Germany’s Daniel Deusser wins the Trophee de Geneve, the first Rolex Grand Prix qualifier of the CHI Geneva
The first qualifier for the Rolex Grand Prix saw nine horse and rider combinations compete in a hotly contested jump-off. Setting the bar high, Daniel Deusser riding Calisto Blue, was the first to produce a clear round with a thrilling time of 37.31 seconds.
Last to go, Pieter Devos, looked on par to emulate Deusser’s clear round but was a fraction too slow and had to settle for second place, with Simon Delestre finishing in third, both excellent contenders for the Rolex Grand Prix on Sunday.
How did the course feel tonight?
Daniel Deusser: The time was really tight in the first round so everybody was forced to ride forwards, and in the end the horses got quite long which accumulated a lot of faults. There were 10 combinations clear and a couple more with time faults, which is a good amount for a jump-off, but it was certainly not an easy class.
Going into the jump-off did you think you were in with a good chance?
Daniel Deusser: To be honest, I was not sure. There were a lot of fast combinations to compete against and I thought that one or two might be a little bit quicker, but I think my clear round put the pressure on and some of the horses were forced to go quicker which made them go a bit flat. I had a good round and was really pleased with my horse.
Looking ahead to the Rolex Grand Prix on Sunday, who do you think your biggest competition is?
Daniel Deusser: There are quite a few really good competitors here this weekend, so it is hard to say. I think McLain Ward and Clinta will go well, Steve Guerdat and Bianca are hard to beat when they are on form as well, it will be a good competition for sure.
Behind the stable door with: Emma Uusi-Simola, groom to Steve Guerdat
What is your favourite part of the job?
One of my favourite parts of the job is the travelling. I really enjoy seeing different parts of world and spending time with the horses away from the yard. I also love the atmosphere that the shows bring, each one is so different but the feeling of excitement you get from the crowd is the same and really special.
Do any of Steve’s horses have any funny characteristics?
Yes, Bianca has such a big character and is a typical mare! At home she is the calmest horse on the yard, she is so easy and laid back, but once she gets to the show, she becomes really nervous and a lot less calm! I think she get’s nervous about competing, but she always manages to channel her nerves in the ring. She is also very picky about what treats she likes and if you give her the wrong ones, she turns her nose up at them.
Albfuehren's Bianca has had an incredible year of results so far, why do you think she is performing better than ever before?
Steve has worked with Bianca for a while now and wanted to make sure he gave her time to grow and develop before pushing her too much. I think this is the key to her success, as it is important to make sure the horse is both mentally and physically ready to compete at this level. She has grown up now and is an amazing horse with so much talent and scope, so we are really pleased that she is doing so well.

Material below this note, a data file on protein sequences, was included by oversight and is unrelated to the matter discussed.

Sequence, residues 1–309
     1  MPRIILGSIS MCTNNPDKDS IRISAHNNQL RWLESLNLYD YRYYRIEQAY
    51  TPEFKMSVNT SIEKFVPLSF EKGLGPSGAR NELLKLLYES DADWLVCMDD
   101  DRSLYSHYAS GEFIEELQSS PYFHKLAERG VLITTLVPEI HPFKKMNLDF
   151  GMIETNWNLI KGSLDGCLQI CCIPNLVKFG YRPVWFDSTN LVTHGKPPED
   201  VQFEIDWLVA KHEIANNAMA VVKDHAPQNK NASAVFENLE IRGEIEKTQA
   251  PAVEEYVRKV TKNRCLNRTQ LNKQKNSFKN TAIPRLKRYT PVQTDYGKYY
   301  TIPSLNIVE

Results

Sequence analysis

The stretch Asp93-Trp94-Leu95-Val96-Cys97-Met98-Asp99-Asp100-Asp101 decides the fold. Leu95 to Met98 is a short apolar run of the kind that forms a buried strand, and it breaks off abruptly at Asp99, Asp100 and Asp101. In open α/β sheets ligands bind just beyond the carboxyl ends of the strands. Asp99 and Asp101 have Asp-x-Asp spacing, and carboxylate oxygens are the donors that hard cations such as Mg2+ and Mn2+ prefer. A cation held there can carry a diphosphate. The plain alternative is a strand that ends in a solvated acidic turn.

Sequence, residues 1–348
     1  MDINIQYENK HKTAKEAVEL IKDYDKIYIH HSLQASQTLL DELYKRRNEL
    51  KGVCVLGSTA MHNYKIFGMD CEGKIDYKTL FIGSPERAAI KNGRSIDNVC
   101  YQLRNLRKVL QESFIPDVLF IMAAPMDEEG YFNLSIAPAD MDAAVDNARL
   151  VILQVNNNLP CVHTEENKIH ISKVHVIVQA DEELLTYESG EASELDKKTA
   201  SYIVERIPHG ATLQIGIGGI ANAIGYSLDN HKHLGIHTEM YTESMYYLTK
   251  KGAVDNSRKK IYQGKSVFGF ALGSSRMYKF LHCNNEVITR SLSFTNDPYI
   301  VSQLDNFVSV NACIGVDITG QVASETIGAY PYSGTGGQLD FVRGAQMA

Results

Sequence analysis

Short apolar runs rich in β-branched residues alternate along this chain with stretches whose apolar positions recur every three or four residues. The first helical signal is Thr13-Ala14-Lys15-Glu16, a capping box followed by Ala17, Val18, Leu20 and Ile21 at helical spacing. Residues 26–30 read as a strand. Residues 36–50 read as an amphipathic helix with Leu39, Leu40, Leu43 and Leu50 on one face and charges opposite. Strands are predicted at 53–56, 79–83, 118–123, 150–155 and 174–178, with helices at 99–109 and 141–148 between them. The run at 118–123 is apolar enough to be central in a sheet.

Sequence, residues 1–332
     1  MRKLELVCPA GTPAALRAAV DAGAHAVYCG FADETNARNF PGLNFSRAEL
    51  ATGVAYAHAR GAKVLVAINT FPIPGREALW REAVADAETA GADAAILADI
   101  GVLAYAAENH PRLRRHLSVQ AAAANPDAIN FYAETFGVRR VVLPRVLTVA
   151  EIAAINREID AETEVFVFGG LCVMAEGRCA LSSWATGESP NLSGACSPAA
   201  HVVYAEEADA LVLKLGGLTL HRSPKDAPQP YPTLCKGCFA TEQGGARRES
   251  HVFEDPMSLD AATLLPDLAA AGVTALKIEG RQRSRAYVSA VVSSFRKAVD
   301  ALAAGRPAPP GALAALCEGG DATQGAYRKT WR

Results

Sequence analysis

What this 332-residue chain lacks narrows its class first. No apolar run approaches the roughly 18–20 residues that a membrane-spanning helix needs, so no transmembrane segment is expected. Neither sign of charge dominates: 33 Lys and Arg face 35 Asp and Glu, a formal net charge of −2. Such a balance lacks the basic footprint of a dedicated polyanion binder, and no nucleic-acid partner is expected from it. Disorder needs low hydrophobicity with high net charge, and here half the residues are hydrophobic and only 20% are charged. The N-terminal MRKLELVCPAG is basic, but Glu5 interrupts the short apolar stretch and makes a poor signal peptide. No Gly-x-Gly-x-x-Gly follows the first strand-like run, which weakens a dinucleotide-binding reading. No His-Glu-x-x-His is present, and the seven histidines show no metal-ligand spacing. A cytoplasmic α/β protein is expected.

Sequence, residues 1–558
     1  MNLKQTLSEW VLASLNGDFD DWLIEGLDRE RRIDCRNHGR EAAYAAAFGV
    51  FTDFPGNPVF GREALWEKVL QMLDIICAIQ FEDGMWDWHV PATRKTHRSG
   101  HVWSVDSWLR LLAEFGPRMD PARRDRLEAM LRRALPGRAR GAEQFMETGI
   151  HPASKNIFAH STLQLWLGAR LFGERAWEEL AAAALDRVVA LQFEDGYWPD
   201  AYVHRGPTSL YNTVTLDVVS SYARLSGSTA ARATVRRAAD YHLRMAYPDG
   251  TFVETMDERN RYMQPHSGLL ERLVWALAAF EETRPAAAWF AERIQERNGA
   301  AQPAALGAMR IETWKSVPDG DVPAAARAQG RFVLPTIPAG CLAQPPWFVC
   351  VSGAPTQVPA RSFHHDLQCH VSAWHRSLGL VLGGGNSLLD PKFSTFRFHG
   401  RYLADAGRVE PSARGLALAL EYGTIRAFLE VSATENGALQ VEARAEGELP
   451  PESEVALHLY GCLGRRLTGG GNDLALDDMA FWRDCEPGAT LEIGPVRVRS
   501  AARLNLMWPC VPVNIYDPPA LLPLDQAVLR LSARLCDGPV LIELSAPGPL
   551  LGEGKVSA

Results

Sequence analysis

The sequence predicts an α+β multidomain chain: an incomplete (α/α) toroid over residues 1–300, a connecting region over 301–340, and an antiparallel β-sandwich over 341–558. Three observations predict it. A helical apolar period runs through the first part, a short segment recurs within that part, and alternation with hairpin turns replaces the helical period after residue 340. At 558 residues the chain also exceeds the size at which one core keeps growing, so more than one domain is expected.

Do you have any grooming / travel tips?
I think the most important part of this job and the best tip I can give, is to always make sure the horses are happy. For me, I like them to have freedom and for them to feel like horses not just competitors, so we make sure we give them lots of time in the field to relax and eat the grass. It’s not a secret, but a happy horse will mean a happy rider and that makes my job easier!
What routine do the horses have when they finish competing?
After they have jumped, we use some ice on their legs, give them a very thorough brush to get the blood circulation moving well and with some of the horses we use massage blankets too.
What advice would you give for someone wanting to start a career in this industry?
You have to be sure that you want to work really hard, the days are long and require a lot of commitment. My advice would be that you can always keep learning, so always ask people questions and seek advice from others, as it will mean that you keep improving.
What is the best moment of your career so far?
That’s a hard one as there have been lots of high points working for Steve. I would have to say the two moments that stand out for me are; the first time we won the World Cup Final, I can still remember the buzzing feeling and celebrations, it was so exciting. The second has to be when Steve won the Rolex Grand Prix here with Nino, the crowd’s reaction was incredible, and it was so emotional.
Word from the organisers: Interview with Sports Director, Alban Poudret and Show Director, Sophie Mottu Morel
CHI Geneva has been voted the ‘World’s Best Show’ nine times, how do you keep the show fresh each year?
Sophie: Each year we take time to speak to people involved in different aspects of the show and ask them what worked well and what can be improved. It is really important for us to gather information, listen to the comments, and use this to progress each year. We are never complacent and no matter how small the detail or adjustment, we want to make sure there is no stone left unturned. It is also important to keep the spirit of the volunteers high and treat them well, as without them we simply wouldn’t be able to produce such a great event.